“The Jeweler That Dealt in Stardust” is the name of other adventure in this collection. It’s for Level 3 characters, but the amount of PCs needed is not listed. The adventure does suggest that at least one (with a preference towards ALL) of the PCs is a thief. The adventure is a heist, pure and simple, and this is another great idea that really stands out from the pack of hack and slash adventures out there. Pure heist adventures are so rare for a fantasy game, left more to systems like Shadowrun. Of course, like any good heist story, this one goes off the rails pretty quickly, leaving PCs to deal with one unexpected twist after another. In the case of this adventure, Boss Ogo, a premier fencer has not been seen in a month and people are assuming the worst has finally befallen him. As a fence, Ogo was privy to a lot of expensive and/or rare items and there’s no doubt that his home is not only full of these valuables, but is also ripe for the picking…once you get past a litany of deathtraps, that is. Can the PCs get in and out without any real issues, thus making a name for themselves amongst the thieves of the world? There’s a potential fortune to be had after all…

The truth of the adventure is that Boss Ogo is still alive and continues to dwell within his manor. It’s just that he has become the servant to a creature from beyond the stars known as the Spider-Mother, Ygiiz, and plans to open an inter-dimensional portal for Ygiiz and her children to come through and ravage our world. So maybe being dead would have been better for everyone else. To top it off, Ogo’s old crew has reorganized without him and are watching over the manor, making sure no one defiles it. So players will have to sneak past this guild of thieves, enter the manor, dealt with what awaits inside and stop Ogo and Ygiiz’s machinations. That’s a little bit more than a simple grab and go treasure hunt, eh?

“The Jeweler That Dealt In Stardust” is a fun little adventure that combines the usual hack and slash with an Ocean’s Eleven style twist. There’s not a lot of combat but when there is, it’s fairly intense. Like a good horror movie, this adventure throws one last combat situation at the PCs after the think everything is done and over with…which will most likely to lead several players saying adieu to their character as they are butchered horribly. It sounds mean, but Dungeon Crawl Classics is anything but kind to PCs.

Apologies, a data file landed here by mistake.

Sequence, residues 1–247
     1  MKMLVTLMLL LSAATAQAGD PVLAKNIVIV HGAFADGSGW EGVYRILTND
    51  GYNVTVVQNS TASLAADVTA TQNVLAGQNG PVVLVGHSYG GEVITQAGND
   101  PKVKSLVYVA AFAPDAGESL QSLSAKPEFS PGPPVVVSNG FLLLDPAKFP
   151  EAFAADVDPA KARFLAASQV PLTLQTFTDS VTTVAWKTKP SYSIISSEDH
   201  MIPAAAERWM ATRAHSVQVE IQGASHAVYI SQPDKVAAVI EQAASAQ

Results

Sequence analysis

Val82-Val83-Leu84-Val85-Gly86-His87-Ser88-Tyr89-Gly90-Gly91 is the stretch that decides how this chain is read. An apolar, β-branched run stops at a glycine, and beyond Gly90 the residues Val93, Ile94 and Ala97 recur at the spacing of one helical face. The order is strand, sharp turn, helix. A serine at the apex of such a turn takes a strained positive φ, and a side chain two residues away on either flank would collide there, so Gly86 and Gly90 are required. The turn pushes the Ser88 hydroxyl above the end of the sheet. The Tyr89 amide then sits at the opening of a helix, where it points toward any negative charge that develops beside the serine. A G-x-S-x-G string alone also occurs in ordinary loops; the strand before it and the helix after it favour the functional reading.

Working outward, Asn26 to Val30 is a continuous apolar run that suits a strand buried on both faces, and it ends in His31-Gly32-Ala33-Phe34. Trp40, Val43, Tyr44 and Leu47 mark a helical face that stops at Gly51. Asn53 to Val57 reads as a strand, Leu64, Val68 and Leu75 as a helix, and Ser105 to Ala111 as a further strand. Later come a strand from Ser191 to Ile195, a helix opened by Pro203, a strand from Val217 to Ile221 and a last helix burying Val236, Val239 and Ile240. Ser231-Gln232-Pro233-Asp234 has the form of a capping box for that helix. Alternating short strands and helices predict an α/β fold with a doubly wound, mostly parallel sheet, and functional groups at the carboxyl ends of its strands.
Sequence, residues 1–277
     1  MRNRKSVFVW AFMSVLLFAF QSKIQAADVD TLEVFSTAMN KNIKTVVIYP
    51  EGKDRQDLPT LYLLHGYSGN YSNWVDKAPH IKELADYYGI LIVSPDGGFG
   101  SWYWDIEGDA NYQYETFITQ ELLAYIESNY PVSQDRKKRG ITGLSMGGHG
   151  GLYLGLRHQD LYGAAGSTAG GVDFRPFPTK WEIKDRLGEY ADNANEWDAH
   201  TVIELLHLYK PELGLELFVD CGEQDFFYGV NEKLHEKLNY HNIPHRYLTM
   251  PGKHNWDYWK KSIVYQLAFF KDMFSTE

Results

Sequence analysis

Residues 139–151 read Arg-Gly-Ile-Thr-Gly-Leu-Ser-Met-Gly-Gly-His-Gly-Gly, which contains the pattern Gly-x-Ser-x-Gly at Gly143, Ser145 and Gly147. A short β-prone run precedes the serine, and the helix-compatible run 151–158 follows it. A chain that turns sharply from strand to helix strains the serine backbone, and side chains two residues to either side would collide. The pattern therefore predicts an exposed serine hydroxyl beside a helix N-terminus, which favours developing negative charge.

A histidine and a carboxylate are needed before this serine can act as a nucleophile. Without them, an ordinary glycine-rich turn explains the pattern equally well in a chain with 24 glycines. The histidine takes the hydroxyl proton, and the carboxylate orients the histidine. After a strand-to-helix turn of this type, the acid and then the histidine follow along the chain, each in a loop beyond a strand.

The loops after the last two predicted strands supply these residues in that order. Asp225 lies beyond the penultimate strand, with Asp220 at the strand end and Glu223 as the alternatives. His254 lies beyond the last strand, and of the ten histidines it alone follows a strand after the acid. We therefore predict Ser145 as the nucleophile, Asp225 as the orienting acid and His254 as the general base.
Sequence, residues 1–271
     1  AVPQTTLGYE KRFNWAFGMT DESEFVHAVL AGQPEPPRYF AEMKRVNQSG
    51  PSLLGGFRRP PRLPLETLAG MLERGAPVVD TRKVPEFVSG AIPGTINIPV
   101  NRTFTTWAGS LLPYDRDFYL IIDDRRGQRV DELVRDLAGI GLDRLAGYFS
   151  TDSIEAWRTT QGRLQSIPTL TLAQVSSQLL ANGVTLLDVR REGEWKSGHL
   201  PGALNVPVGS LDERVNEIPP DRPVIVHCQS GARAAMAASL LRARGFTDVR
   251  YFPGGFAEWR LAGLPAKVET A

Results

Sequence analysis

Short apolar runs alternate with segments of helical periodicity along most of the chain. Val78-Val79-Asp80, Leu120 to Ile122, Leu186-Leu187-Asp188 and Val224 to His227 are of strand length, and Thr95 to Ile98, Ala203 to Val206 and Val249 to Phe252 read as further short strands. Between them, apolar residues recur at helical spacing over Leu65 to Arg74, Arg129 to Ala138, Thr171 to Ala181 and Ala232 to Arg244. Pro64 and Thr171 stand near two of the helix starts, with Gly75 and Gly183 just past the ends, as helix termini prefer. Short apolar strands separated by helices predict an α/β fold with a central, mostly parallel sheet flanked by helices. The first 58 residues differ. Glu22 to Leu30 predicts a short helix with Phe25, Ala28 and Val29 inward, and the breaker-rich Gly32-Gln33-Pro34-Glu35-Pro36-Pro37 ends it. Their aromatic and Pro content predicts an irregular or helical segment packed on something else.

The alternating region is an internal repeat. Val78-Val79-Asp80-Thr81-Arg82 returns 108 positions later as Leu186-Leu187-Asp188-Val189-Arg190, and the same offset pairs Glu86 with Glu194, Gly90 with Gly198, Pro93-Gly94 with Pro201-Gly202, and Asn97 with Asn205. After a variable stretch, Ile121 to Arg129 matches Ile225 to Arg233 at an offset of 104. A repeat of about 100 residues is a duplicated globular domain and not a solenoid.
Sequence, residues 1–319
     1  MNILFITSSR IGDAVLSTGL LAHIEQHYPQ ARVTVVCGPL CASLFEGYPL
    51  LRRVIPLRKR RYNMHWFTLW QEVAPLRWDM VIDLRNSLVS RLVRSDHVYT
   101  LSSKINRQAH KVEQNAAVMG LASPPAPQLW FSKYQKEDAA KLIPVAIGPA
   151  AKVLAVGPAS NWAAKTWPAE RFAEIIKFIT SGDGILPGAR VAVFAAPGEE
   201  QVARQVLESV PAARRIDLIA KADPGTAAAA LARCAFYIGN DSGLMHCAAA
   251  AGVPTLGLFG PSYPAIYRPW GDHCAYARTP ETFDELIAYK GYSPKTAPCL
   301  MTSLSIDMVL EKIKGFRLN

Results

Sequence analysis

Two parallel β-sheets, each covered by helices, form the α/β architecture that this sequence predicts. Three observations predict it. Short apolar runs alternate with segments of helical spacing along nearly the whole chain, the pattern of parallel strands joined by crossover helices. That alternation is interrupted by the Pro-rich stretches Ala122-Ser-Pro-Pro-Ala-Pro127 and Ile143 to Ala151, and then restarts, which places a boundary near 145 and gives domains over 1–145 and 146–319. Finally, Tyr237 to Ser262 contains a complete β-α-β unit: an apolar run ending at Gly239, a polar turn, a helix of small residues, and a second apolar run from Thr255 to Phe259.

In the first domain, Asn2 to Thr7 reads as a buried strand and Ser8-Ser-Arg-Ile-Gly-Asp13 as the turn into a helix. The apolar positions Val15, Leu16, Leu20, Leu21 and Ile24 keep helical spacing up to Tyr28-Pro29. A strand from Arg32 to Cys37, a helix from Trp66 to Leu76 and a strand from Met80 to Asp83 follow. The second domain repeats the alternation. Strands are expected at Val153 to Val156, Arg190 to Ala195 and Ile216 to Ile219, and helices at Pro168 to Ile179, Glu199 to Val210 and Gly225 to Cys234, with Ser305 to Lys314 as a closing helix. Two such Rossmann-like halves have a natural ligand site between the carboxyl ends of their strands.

Overall, this really was the best offering from Free RPG Day 2012 and it shows just why Dungeon Crawl Classics is as popular as it is in just its first full year of existence. Still, it feels more than a little slimy to charge five dollars for an electronic version of something that was given away for free, especially when all the other Free RPG 2012 offerings are out there, costing gamers nothing. If Goodman Games corrects this, then this is a must have for ANY gamer as it will surely suck you into the Dungeon Crawl Classics system. At five dollars though, you’re still getting two of the best adventures I’ve seen for the systems so far, but it’s hard to recommend something of even this quality knowing that it shouldn’t have a price tag at all.



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One response to “Tabletop Review: Dungeon Crawl Classics: Free RPG Day 2012”

  1. […] a little back story on this one before we begin. Back on Free RPG Day 2012, Goodman Games gave us an excellent set of two adventures if you were lucky enough to snatch one up. In the back was a partially done map and a contest. You […]